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The Good Place’s Final Twist

Ted Danson in The Good Place.
Even fire squids don’t last forever. Photo: Colleen Hayes/NBC

Again and again throughout its four seasons, The Good Place pulled the rug out from under you. The show’s first twist, the most impressive and indelible, was the discovery that Chidi, Eleanor, Tahani, and Jason were actually in the Bad Place. Then came an almost constantly running machinery of twistiness, as the show doubled back on itself and pulled off restarts and surprises again and again. They were rebooted! Many times! They were sent back to Earth, the guy with the ultimate key to goodness was actually miserable, the Bad Place was broken, the Good Place was broken, the entire system was a disaster! Meanwhile, the show’s bigger question about how we should live remained shielded within a layer of unknowing. It was the mystery of existence packaged inside the mystery of “No, seriously, what is really going on?”

That sense of twist surprise waned in the final season. However lovely and endearing its characters were, the seams of the show’s inner structure began showing more clearly. The things meant to disguise them — mostly Eleanor and Chidi’s continually doomed love — looked and felt like distractions. But in its final episode, The Good Place unfurled one last surprise: a glorious, straightforward, naked embrace of the essential fact about life we all know. Everything ends, and no one knows for certain what that ending looks like.

What happens after you die? The first episode of The Good Place started with an answer: You go to a frozen-yogurt-filled paradise where you hang out with your soul mate and take flying lessons for eternity. That answer ended up being false, but not quite in the way that the show initially suggested. The Good Place — the real Good Place, once the system had been fixed so that it was no longer an impossible goal to achieve — does look pretty close to that original answer from the first episode. It’s a happy, brightly colored place full of the best parties you could ever want and unlimited time with your soul mate, your friends, and your family.

But in the penultimate episode, “Patty,” the show concluded that what makes life worth living is the knowledge that there can’t be an absolute, final, party-for-eternity Good Place. People need the option to choose to leave, a way to no longer exist. The final door Michael designs is one we cannot see beyond, a door that leads to a complete and unknowable end. In the finale, the last gift that Eleanor gives him is the ability to go through a door of his own, to mortality and life on Earth and, when the time comes, judgment in the afterlife that he and his friends built together. He, too, will end.

It feels cheap to say that the final twist of The Good Place is there is no twist. But there’s something lovely and right about the show’s decision to abandon its twisting mechanisms and accept the obvious. It has always been two kinds of mystery at once: A puzzle-box mystery that continually offered up solutions to new problems, doling out “aha!” moments of revelation and then immediately producing the next puzzle to be solved; and a John Donne, key-to-all-mythologies, epistemological kind of mystery. Why are we here? What happens after we die? What is the nature of goodness? While The Good Place pulled off the structure of its puzzle box remarkably well, the reality is that there could never be a satisfying answer to its second mystery that was not also deeply obvious. There’s no answer to “What is the nature of goodness?” that could be surprising, and there’s no answer to “What happens after we die?” that could ever be truly satisfying.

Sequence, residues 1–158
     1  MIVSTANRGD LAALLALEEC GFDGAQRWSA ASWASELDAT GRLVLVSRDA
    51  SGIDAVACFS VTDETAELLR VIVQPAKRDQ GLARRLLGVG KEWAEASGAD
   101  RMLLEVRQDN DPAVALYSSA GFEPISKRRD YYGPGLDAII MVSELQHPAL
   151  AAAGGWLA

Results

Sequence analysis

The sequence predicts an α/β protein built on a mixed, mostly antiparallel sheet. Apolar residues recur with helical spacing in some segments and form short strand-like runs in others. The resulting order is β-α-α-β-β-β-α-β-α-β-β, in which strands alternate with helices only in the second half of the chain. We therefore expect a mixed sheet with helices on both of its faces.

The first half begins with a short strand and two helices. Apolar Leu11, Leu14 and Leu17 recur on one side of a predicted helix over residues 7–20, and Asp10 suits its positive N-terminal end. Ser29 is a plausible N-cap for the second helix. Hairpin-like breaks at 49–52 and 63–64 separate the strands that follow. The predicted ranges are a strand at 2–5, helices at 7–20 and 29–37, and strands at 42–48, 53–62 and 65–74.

Instead, The Good Place chose to embrace those things. The answer to “What happens after we die?” came in Chidi’s Buddhism-inspired speech to Eleanor about waves in the ocean, an image of water that temporarily forms itself into a powerful, meaningful, organized thing, and then recedes back to where it belongs. The answer to “What is the nature of goodness?” was the same answer The Good Place has been offering up from its earliest seasons: Goodness is about balancing your own happiness with the need to connect with and help others. There is no closing hairpin turn, no last moment where the show reboots everything all over again. The final twist is that everything ends, we don’t know exactly what that looks like, and that’s okay.

In one last bit of apt narrative symmetry, The Good Place’s door to the unknown is a perfect metaphor for ending a television show on good terms. After you walk through the door and the show is done, there will be an absence. A thing used to exist and now it doesn’t, which is unbearably sad. But to have had meaning in the first place, The Good Place needed to have an ending. When everyone’s at peace, it’s time to say good-bye. It was a delight to have The Good Place on TV, and it’s even better that the show got to walk through the door on its own terms.

The Good Place’s Final Twist